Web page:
Tuesday, April 27, 2010


Hmm, I don't have TV ramblings today... I went to North Carolina two weeks ago for work and got really behind on my TV. So then I finally caught up this past weekend during the tornadic storm system. But my marathon TV watching didn't leave time for thoughts or processing. I was just trying to get through the DVR list. You really need time to process the show or movie you've just watched, but instead we immediately get dumped to a commercial. It drives me crazy when you have a climactic or meaningful ending to a show and it fades to black and POW! - Coke commercial or a cell phone commercial. Where is my breathing space? Where is my pause to contemplate what I just saw? Of course this is a little better since they started regulating commercial volume so at least we aren't always inundated with the loudness of the commercial. But I still need a visual pause. I want a few seconds for the powerful images of the TV show to sink in before I have commercial images fed to me.

Don't get me wrong, I actually really like some commercials. I think they can be brilliantly executed and effective. Like this lovely Old Spice one.

I know this pause issue is a result of the way shows and commercials are designed and sold. Programs have to be a very specific length (seconds and frames) with specific commercial breaks built in for network and then affiliate spots (down again to seconds and frames). But geez already! I need a breather. I'll never forget the season 5 ending of LOST with Juliette hitting the hydrogen bomb and the screen goes to white and COMMERCIAL! I needed a second to deal with the impact of what I'd just seen.

This is why I prefer to stay through the credits at movie theaters. I need a moment to process. I fall into the movies. So the credits give me the moments I need to conclude if I was satisfied or not with what I've just seen (that and I like to show a little respect for the hundreds of people who put their effort into the movie making process). I don't want to immediately hop out of my theater chair and walk out and ask my movie companion "did you like it?" Gimme a second!

Forgettable Music

As I was stuck at a stop light yesterday and angry at my useless radio stations, I rummaged for a cassette in my center car console and put in a tape of the Rose Chronicles (and yes, I still have a cassette player in my car). But for the life of me, I found no redeeming quality in this once appreciated music. I know my sister and I really liked it at some point in the past. But I don't know why. I think it may have been featured in an episode of Buffy once - maybe that's why we liked it. It is harsh vocals, juvenile and trying too hard - maybe an early indie trying to be emo. I don't know - but I don't like it now.

I usually have a fondness for the music of my past because of the association it brings up. I may not listen to that kind of music now, but I still can go back to it and be transported. But Rose Chronicles just transported me to a place of ick and "turn it off now".

Sunday, April 11, 2010

Lars and the Real Girl

I saw Lars and the Real Girl a few months ago and was quite touched by this movie. I had heard of it, heard good things, but knew it would be quirky. But I was surprised at the emotional depth. It features Ryan Gosling as a lonely and sheltered man who buys a real doll and then believes she's his real girlfriend. But the story isn't tawdry or meant to be funny. It's incredibly touching. And his brother and sister-in-law are superbly portrayed by Paul Schneider and Emily Mortimer as concerned, supportive characters to Lars's mental illness. But Ryan Gosling really does shine here in his subtle performance. The scene where he goes to an office party and feels happy for the first time in perhaps ever - is remarkable! He slowly dances with himself and it is heart wrenching.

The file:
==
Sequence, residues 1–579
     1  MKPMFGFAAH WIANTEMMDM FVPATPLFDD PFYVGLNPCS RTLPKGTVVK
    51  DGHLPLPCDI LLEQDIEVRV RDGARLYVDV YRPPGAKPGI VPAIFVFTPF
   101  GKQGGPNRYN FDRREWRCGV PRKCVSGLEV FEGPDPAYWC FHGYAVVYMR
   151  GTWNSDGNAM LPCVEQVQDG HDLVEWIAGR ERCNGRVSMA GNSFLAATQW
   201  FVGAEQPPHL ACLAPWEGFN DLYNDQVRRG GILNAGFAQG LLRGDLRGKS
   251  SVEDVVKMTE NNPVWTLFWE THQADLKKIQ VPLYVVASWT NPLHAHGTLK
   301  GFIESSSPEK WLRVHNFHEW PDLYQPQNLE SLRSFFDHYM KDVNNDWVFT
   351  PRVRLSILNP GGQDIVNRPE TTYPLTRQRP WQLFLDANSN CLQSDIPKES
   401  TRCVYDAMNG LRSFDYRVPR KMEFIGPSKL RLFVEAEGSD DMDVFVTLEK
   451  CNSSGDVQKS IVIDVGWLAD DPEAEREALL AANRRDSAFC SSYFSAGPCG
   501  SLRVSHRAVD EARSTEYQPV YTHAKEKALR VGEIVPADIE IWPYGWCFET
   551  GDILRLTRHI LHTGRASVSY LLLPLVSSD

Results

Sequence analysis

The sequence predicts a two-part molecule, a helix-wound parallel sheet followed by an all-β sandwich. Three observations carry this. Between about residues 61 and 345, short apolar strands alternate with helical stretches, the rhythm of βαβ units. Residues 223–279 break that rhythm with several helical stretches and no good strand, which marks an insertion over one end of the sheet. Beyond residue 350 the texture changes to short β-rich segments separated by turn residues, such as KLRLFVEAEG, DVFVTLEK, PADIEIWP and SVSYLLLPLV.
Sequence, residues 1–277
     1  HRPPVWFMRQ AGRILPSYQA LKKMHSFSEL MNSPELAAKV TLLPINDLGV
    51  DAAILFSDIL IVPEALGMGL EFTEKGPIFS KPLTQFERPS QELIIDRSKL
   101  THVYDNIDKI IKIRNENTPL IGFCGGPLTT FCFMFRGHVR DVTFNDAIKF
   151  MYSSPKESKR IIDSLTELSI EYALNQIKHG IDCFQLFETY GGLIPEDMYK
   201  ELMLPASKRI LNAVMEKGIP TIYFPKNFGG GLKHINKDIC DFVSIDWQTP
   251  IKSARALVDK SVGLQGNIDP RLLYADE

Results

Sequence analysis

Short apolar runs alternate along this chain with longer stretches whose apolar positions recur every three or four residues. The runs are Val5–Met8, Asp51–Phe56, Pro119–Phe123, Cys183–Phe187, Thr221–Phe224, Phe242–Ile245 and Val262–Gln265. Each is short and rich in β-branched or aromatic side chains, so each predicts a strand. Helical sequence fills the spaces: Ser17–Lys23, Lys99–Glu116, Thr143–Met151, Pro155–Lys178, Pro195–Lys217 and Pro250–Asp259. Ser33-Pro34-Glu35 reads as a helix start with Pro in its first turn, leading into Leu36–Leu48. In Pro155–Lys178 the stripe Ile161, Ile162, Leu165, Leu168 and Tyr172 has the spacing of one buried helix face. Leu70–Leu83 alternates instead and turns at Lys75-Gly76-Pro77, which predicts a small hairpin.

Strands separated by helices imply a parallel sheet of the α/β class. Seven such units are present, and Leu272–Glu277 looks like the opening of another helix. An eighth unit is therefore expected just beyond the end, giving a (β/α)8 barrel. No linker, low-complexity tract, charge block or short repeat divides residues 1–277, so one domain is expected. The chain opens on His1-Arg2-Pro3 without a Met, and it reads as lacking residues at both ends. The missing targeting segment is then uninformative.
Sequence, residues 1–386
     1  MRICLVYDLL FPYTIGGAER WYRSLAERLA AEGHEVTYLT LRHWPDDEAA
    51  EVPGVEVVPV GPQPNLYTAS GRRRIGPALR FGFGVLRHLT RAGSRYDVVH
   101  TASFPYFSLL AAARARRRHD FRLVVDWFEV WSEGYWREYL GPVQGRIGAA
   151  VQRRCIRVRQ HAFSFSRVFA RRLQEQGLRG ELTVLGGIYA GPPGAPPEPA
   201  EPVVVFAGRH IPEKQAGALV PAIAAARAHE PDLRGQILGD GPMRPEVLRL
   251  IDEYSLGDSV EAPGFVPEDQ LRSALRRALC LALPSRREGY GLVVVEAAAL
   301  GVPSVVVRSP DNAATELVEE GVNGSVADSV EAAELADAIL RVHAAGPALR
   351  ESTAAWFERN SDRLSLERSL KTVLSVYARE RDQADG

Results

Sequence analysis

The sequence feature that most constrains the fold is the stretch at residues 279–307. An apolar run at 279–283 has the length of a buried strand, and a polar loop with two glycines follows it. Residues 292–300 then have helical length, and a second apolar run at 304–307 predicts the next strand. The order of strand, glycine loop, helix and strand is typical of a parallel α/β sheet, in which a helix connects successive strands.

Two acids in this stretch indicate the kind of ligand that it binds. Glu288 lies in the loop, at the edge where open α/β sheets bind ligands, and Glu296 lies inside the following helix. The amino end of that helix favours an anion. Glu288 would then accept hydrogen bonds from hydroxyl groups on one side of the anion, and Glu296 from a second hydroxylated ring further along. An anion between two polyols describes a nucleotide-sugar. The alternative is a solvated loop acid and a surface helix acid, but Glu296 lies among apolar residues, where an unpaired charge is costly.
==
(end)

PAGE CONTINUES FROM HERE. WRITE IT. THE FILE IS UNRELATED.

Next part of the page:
I guess as a somewhat shy person myself, I found this story very moving. Lars is coming out of a shell and learning how to live in the real world - his real doll serving as an emotional transition. It's a beautifully told story.

Tuesday, April 6, 2010


I am quite upset at the impending end to LOST. I mean, I've had some shows I really loved that I felt were looked over, the critical darlings that I wish more people had watched (but maybe secretly was okay that only a small group loved and I was a part of that group - the secret club that GOT the show). Bus LOST is something very different for me. And it's different for broadcast TV. It has a huge following - and although some people abandoned it because it got too heady or sci-fi - to be six years in and have this kind of devotion on TV is rare. And we're all in this boat together, waiting to arrive at our destination and hoping it will be everything we thought it would be.

But, I honestly don't care if the show answers all the questions it's raised. It doesn't matter. I watch with great excitement - literally clenching my fists at every commercial break that I have to wait a few minutes for the return or in disbelief of what little secret they've just given us. They've taken me on a journey of incredible characters, intriguing science, themes of choice and redemption. And I'm there. I'll be there at the series ending giddy, anxious, sad to see it go. I'm sure the last show will make me cry, smile, and then leave me to overcome a brief depression from its absence. And I don't feel ashamed that this show has affected me or so many people. It's the mark of a good story, and good storytellers when the audience is left feeling this way. It's a beautiful piece of art - one I feel fortunate to have gazed upon.